By Richard Cohen
Tuesday, October 7, 2008
Reading William Kristol's column in yesterday's New York Times, I discover that Sarah Palin and I have something in common. Kristol, who was once Dan Quayle's chief of staff and therefore, shall we say, has a Mister Rogers approach to certain politicians, got Palin on the phone and reported that "she doesn't have a very high opinion of the mainstream media." This is where we are in agreement. On account of Palin, neither do I.
In her debate against Joe Biden last week, she mischaracterized Barack Obama's tax plan and his offer to meet with foreign adversaries of the United States. She found whole new powers for the vice president by misreading the Constitution, if she ever read it at all. She called one moment for the federal government to virtually disappear and a moment later lamented the lack of its oversight of the financial markets. She asserted that she "may not answer the questions the way that either the moderator or you [Biden] want to hear" because, apparently, the rules don't apply to her on account of her being a hockey mom. Fer sure.
Not enough? Okay. Palin also said that she "and others in the legislature" had called for the state of Alaska to divest itself of investments in companies that do business with Sudan. But, as the indefatigable truth-hunter at The Post found out, the divestiture effort was not led by Palin. In fact, her administration opposed the initiative, and Palin herself only came around to it after the bill had died.
In spite of it all, much of the media saw a credible performance. I could quote the hosannas of some of my colleagues, but I spare them the infamy that will surely follow them to their graves. (The debate's moderator, Gwen Ifill, used the occasion to catch up on some sleep.) Many of my colleagues judged Palin simply as a performer and inferred that her performance would go over well in homes with aboveground swimming pools.
A perfect example is the Wall Street Journal, whose (conservative) editorial page has been absolutely fixated on a strict (Scalian) reading of the Constitution. Did it wonder what in the world Palin meant by the authority she found in the Constitution to increase the role of "the vice president if that vice president so chose to exert it in working with the Senate"? What? Oh, never mind. The Journal chivalrously ignored the matter. Palin is excused from knowing the limits of the office she seeks.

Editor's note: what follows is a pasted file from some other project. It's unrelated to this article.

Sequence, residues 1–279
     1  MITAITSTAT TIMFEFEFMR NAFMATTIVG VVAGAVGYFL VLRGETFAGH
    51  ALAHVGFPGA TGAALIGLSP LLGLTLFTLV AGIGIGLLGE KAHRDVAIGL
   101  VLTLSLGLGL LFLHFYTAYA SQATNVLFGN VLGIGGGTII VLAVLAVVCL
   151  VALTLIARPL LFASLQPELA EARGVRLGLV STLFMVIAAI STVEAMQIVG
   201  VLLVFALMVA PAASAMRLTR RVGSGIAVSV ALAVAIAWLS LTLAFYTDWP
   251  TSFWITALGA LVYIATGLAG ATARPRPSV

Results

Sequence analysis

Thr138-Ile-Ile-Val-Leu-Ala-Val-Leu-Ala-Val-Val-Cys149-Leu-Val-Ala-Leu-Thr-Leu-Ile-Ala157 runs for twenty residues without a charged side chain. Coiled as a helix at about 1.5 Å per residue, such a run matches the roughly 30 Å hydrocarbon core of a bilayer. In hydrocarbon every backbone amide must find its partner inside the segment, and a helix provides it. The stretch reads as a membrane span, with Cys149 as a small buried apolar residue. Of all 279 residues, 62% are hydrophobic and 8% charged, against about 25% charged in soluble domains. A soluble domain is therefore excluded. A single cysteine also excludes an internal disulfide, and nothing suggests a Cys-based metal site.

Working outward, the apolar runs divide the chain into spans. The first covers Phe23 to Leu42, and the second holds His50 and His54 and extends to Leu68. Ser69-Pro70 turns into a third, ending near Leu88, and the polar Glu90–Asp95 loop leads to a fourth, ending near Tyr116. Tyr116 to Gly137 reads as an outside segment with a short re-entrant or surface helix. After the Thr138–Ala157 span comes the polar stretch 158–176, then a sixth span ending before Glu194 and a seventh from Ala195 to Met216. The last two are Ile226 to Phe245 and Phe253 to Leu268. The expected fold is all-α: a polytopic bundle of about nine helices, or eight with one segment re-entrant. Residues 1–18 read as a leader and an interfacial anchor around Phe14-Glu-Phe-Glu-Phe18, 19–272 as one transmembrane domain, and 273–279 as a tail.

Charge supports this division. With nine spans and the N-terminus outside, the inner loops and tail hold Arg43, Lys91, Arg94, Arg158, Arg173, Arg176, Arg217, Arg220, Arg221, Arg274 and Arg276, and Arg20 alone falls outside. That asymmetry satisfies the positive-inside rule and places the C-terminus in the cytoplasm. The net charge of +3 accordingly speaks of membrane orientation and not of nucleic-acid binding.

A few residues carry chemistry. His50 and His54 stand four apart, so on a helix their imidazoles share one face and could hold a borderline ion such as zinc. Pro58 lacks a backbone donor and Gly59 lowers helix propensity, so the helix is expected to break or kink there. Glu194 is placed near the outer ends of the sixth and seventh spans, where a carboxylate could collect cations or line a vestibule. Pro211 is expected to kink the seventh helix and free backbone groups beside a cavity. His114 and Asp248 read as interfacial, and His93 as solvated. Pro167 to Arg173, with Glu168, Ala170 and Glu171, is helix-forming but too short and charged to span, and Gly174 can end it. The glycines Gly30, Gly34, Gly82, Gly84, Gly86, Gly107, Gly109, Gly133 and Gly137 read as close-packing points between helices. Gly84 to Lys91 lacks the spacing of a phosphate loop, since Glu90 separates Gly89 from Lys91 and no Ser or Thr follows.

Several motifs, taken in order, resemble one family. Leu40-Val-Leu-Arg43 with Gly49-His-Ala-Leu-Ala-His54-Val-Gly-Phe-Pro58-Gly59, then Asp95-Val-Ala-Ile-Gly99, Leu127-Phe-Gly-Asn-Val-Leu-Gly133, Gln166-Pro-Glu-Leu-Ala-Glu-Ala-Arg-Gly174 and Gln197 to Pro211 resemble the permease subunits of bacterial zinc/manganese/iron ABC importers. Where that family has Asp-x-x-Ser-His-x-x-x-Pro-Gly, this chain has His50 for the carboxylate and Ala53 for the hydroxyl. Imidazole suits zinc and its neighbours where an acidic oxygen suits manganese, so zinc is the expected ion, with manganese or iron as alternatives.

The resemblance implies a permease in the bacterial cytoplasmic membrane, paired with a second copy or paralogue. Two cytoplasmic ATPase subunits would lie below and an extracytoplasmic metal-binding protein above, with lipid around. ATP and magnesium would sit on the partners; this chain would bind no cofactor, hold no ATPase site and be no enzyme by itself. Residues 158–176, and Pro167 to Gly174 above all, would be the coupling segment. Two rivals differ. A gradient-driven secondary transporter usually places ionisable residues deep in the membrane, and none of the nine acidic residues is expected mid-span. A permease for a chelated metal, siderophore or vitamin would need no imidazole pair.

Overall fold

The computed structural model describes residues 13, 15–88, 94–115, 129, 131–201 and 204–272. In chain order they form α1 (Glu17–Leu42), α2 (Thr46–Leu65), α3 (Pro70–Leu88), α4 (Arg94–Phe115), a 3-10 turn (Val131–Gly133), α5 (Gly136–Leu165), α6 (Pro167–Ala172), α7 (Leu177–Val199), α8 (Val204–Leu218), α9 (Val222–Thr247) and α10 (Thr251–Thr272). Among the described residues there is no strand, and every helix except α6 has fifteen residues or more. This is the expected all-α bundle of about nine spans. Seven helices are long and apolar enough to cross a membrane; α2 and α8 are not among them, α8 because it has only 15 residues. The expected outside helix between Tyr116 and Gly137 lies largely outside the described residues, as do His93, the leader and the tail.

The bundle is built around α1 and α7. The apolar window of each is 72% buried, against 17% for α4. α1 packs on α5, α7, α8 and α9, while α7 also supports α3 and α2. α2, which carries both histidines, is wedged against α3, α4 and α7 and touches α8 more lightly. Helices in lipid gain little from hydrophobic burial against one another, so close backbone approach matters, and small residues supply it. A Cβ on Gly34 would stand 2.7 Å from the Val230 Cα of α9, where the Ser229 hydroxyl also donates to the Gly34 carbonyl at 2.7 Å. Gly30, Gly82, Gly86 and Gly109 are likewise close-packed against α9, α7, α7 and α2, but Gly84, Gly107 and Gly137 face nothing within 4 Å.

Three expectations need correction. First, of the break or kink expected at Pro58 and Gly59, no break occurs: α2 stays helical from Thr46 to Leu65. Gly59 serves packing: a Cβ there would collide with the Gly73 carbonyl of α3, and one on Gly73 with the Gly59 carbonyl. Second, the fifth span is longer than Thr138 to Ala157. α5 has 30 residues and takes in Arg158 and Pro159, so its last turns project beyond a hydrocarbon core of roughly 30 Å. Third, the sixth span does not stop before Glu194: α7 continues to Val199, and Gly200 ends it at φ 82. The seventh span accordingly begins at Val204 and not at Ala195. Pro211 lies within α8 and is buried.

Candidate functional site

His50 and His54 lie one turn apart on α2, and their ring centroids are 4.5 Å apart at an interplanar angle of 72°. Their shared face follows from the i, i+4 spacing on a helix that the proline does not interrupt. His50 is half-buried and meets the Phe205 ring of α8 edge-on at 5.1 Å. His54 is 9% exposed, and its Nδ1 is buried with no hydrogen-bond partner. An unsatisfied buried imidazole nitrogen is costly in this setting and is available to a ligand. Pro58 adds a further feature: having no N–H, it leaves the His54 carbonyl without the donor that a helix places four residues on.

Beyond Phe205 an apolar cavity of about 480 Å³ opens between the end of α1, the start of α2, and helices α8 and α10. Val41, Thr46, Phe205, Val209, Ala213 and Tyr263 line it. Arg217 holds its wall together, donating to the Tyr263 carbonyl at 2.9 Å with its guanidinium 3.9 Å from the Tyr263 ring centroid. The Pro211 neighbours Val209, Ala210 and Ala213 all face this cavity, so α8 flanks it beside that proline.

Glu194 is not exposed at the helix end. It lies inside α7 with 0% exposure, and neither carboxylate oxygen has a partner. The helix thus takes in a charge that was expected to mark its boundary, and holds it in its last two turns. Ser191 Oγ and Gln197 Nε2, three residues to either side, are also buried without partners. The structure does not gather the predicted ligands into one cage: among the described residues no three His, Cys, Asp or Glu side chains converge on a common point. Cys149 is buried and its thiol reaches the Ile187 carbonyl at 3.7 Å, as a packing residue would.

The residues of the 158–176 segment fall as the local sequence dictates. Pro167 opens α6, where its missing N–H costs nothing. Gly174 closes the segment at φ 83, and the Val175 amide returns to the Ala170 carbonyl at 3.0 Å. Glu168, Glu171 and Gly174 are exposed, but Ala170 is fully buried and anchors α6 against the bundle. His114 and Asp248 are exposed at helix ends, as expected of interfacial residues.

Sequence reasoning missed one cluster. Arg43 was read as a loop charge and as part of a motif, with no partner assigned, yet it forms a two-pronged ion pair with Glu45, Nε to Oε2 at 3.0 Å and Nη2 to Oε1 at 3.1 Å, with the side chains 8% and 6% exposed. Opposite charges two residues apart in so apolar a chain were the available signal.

In effect, columnists, bloggers, talk-show hosts and digital lamplighters have adopted the ethic of the political consultant: what works, works. It did not matter what Palin said. It only mattered how she said it -- all those doggones, references to her working-class status (net worth in excess of $2 million), promiscuous use of the word "maverick," repeated mentions of "greed and corruption on Wall Street" (Who? Be specific. Give examples. Didn't anyone here go to school?) and, of course, that manic good cheer. Palin knows that the standard is not right or wrong, truth or lie, but the graph that ran under both debaters on CNN, measuring approval, disapproval or, maybe, the blood sugar levels of certain people in their focus group. Things have changed. Might used to make right. Now a wink does.
Since I began with the Times' conservative columnist of the moment, I will end with its conservative columnist of years past -- the estimable William Safire. In 1996, he called Hillary Clinton "a congenital liar." It was a head-snapping characterization that, alas for Clinton, has defined her for the ages and that she stubbornly vindicates from time to time.
But what about Palin? Can you imagine the reaction of the press corps if Clinton had given the audience a "hiya, sailor" wink? Can you imagine the feverish blogging across the political spectrum if Clinton had claimed credit for stopping a bridge that, in fact, had set her heart aflutter? What if she had shown that she didn't know squat about the Constitution, if she could not tell Katie Couric what newspapers or magazines she read or if she had claimed an intimacy with foreign affairs based on sighting Russia through binoculars?
Ah, but the scorn, approbation and ridicule that would have descended on Clinton -- I can just imagine the Journal editorial -- have been withheld from Palin. Much of the mainstream media, grading on a curve suitable for a parrot -- "greed and corruption, greed and corruption, greed and corruption" -- gave her a passing grade or better. I agree with Palin. It's the mainstream media that flunked.